I read, quite some time ago, a claim that William Shakespeare had managed to encapsulate most story types within his works. He had been so successful at doing this that now, as a result, people tend to refer to the story types via his writings rather than any works created before him even if the structures had been around for millennia.
Knowing that he perhaps had acheived this feat, a writer might be justifiably be daunted by the prospect that there might be no story structure available for their brain to conjure up without having someone having beaten them there first.
This needn’t be a problem. I personally think that dwelling on the structure of the story is soemthing that is certain to doom the writer to failure before even starting out.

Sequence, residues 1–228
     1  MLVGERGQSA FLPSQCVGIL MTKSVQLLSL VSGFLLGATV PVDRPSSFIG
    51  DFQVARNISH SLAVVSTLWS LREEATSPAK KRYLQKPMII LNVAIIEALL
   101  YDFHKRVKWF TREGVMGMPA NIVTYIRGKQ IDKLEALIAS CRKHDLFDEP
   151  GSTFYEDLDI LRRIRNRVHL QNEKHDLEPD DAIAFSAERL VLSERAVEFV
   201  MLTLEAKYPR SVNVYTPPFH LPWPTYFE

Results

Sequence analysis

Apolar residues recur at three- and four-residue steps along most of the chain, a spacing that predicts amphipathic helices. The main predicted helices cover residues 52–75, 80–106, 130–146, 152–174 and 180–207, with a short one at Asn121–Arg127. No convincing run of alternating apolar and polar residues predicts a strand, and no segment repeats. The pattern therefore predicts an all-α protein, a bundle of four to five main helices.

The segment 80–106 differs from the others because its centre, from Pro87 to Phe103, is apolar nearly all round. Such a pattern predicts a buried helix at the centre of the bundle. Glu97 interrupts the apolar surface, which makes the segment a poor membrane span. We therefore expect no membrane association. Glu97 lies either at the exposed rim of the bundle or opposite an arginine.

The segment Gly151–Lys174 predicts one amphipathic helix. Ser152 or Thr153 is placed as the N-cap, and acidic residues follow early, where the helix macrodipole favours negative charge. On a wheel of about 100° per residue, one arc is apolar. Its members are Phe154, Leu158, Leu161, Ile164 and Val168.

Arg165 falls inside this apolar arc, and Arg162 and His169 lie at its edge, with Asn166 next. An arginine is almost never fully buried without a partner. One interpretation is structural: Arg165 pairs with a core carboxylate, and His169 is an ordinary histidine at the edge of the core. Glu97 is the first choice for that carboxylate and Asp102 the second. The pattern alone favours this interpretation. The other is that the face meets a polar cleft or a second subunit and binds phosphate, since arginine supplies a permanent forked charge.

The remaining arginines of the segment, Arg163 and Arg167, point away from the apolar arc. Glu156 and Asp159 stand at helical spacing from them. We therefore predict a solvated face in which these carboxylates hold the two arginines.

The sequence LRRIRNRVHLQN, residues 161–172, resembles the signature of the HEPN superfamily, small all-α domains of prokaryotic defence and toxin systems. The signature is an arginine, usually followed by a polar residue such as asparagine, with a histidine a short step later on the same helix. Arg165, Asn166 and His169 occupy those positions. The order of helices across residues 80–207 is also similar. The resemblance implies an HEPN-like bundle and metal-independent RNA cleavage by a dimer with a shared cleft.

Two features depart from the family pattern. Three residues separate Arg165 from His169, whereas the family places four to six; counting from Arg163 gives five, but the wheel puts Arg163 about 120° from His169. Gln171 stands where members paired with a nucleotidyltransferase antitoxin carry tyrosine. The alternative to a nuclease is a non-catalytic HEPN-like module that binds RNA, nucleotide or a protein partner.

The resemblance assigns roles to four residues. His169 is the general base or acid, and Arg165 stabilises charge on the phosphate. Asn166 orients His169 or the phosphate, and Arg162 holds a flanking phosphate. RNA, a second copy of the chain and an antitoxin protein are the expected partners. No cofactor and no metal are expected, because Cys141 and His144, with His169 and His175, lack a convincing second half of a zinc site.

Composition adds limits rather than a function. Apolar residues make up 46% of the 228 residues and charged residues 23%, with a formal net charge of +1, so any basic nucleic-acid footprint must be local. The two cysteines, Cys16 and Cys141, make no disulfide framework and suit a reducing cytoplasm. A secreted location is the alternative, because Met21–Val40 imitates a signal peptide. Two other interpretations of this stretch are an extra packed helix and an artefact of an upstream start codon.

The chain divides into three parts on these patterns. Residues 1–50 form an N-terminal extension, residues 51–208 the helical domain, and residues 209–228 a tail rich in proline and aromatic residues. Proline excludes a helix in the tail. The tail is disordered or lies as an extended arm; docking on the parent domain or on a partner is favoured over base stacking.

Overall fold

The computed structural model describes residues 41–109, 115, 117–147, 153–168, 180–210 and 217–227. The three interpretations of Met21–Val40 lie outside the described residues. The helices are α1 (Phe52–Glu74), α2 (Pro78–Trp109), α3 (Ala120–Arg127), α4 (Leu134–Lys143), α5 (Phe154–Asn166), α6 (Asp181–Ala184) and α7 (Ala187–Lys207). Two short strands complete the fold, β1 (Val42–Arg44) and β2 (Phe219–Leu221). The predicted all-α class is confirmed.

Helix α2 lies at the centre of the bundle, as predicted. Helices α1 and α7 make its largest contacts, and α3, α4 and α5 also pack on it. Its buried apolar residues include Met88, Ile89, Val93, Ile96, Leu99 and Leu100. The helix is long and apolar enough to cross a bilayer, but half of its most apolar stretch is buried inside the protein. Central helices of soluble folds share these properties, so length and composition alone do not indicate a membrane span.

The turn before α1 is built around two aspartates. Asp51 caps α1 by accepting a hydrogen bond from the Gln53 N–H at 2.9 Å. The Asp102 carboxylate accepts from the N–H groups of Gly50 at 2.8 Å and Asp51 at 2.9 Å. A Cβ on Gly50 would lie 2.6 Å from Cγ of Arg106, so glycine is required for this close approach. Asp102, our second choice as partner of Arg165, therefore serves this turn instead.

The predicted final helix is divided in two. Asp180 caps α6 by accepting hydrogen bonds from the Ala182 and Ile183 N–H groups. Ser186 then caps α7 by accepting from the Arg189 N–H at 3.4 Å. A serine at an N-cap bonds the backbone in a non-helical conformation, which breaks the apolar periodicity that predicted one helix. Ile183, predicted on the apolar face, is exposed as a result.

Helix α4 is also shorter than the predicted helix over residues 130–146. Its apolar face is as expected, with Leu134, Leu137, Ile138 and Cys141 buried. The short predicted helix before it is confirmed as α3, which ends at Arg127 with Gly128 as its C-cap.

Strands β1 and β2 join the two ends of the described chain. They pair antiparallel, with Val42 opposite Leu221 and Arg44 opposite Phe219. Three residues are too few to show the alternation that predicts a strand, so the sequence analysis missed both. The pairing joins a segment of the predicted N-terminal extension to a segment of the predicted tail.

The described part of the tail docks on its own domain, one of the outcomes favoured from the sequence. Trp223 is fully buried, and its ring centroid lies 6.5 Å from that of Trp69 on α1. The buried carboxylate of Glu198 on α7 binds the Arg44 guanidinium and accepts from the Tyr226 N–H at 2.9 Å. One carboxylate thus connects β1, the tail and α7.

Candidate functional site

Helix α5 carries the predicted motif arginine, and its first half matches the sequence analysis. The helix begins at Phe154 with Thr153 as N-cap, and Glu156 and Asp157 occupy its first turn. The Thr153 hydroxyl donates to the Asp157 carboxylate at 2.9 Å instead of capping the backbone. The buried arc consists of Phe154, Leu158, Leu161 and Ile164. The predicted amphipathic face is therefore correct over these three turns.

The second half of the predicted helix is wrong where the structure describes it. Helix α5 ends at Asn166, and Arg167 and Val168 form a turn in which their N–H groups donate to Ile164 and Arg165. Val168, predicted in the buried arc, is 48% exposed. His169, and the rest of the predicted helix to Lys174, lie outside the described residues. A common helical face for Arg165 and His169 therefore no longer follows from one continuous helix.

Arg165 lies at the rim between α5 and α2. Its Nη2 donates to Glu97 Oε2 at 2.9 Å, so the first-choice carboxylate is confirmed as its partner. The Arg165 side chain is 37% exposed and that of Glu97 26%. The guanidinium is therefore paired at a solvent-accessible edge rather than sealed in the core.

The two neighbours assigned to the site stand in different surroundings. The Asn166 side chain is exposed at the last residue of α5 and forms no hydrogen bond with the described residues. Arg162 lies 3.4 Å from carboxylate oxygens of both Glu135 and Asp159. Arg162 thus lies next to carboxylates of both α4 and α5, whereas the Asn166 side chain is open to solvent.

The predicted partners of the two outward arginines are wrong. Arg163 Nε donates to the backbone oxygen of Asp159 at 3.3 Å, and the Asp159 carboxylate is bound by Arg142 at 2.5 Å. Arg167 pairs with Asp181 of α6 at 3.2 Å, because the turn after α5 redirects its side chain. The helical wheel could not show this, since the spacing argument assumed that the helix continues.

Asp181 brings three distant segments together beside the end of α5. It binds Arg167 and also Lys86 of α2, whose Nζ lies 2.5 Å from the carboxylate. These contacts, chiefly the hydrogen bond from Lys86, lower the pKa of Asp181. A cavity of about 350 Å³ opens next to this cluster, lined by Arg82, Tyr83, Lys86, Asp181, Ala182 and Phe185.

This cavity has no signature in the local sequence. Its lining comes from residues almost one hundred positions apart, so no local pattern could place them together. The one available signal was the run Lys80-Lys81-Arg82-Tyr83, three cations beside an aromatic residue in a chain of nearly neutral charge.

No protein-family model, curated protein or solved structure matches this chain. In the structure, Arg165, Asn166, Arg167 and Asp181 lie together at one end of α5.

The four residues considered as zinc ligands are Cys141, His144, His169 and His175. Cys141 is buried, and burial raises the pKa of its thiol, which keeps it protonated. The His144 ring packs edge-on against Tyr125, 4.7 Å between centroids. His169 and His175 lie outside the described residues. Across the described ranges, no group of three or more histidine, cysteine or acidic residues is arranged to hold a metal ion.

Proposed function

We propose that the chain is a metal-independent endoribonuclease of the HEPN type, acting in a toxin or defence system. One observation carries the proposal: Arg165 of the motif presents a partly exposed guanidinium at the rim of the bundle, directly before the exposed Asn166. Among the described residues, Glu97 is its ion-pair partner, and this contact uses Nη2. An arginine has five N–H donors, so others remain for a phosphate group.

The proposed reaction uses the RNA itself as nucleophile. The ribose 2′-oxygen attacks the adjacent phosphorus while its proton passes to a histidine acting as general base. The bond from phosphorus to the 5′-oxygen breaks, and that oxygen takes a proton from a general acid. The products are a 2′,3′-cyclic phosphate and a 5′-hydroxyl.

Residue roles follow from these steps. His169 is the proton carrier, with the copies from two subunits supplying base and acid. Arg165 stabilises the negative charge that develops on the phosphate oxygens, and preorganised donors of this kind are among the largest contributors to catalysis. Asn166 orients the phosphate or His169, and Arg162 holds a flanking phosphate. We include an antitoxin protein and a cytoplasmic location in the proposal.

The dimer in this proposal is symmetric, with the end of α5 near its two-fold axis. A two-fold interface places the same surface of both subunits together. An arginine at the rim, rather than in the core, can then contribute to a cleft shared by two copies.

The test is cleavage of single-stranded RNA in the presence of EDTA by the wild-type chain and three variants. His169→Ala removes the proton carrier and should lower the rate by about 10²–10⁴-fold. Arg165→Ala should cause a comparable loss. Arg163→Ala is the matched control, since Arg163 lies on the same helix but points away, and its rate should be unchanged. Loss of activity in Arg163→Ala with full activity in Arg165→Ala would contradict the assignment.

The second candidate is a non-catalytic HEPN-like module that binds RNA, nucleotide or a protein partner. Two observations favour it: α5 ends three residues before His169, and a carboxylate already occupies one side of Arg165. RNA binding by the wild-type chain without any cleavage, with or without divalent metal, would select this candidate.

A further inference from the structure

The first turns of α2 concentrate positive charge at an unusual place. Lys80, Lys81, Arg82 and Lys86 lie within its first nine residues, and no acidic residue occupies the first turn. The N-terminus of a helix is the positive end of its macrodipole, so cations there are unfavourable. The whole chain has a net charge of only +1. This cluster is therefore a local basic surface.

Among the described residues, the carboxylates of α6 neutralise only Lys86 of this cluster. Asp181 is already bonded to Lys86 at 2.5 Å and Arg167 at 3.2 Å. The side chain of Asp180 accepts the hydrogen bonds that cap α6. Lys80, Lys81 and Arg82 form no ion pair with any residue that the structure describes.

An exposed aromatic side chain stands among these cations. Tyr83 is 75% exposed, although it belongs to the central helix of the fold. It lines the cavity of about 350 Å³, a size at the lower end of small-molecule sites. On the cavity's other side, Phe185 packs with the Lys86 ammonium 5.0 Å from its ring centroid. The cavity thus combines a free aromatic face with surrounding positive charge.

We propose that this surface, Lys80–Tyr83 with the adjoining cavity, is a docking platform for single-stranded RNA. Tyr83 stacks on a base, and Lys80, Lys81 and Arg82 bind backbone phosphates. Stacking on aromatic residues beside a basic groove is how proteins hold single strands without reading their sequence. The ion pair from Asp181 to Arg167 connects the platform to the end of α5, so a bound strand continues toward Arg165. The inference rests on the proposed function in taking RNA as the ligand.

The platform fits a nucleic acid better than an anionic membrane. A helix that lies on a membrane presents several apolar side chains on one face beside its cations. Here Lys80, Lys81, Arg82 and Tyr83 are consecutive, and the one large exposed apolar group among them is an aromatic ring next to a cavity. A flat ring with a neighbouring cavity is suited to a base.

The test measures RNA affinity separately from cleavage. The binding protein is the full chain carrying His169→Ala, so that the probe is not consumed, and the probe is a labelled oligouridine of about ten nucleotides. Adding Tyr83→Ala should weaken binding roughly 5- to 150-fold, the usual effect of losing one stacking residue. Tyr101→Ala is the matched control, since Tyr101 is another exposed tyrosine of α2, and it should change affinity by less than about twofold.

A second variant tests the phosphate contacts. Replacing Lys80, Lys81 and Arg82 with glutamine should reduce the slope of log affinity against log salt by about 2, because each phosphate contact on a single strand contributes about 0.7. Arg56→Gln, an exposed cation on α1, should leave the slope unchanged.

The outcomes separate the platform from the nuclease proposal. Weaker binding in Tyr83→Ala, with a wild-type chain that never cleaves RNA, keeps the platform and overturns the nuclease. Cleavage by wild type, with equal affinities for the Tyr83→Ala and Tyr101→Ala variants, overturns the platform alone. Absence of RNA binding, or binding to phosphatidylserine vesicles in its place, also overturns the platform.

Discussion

I’m not aware of anyone that came up with the idea of a book and said that the premise should be this or that structure, it’s nearly always the character or the basic plot of the story that has been birthed, developed, grown and created rather than the structure, and that being the case, it seems to me entirely acceptable to ignore the structure almost completely until at least the first draft has been completed. At that stage, it would then deem wise to start thinking about whether the character developments are satisfying, the story has a flow, the events have a natural progression, and so on.
If, after those things have been analysed, you find that the story does indeed have the structure of Romeo and Juliet or Othello then you can take it as happy coincidence, and if it has no resemblance to any accepted structure then, who knows, maybe you are the next Shakespeare, and I bow down to you.